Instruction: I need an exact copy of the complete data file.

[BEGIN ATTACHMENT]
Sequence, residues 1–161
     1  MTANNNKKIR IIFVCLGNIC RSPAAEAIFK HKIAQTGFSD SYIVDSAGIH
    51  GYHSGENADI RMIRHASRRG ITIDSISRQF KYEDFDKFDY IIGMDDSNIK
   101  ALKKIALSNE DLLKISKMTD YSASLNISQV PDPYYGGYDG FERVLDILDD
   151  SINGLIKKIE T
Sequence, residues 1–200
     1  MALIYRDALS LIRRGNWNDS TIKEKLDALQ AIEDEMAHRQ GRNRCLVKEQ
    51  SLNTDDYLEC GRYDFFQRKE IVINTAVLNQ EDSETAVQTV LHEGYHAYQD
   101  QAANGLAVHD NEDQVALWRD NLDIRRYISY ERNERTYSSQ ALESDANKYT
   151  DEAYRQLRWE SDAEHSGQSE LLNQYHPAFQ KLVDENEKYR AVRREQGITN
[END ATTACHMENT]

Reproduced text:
Sequence, residues 1–161
     1  MTANNNKKIR IIFVCLGNIC RSPAAEAIFK HKIAQTGFSD SYIVDSAGIH
    51  GYHSGENADI RMIRHASRRG ITIDSISRQF KYEDFDKFDY IIGMDDSNIK
   101  ALKKIALSNE DLLKISKMTD YSASLNISQV PDPYYGGYDG FERVLDILDD
   151  SINGLIKKIE T
Sequence, residues 1–200
     1  MALIYRDALS LIRRGNWNDS TIKEKLDALQ AIEDEMAHRQ GRNRCLVKEQ
    51  SLNTDDYLEC GRYDFFQRKE IVINTAVLNQ EDSETAVQTV LHEGYHAYQD
   101  QAANGLAVHD NEDQVALWRD NLDIRRYISY ERNERTYSSQ ALESDANKYT
   151  DEAYRQLRWE SDAEHSGQSE LLNQYHPAFQ KLVDENEKYR AVRREQGITN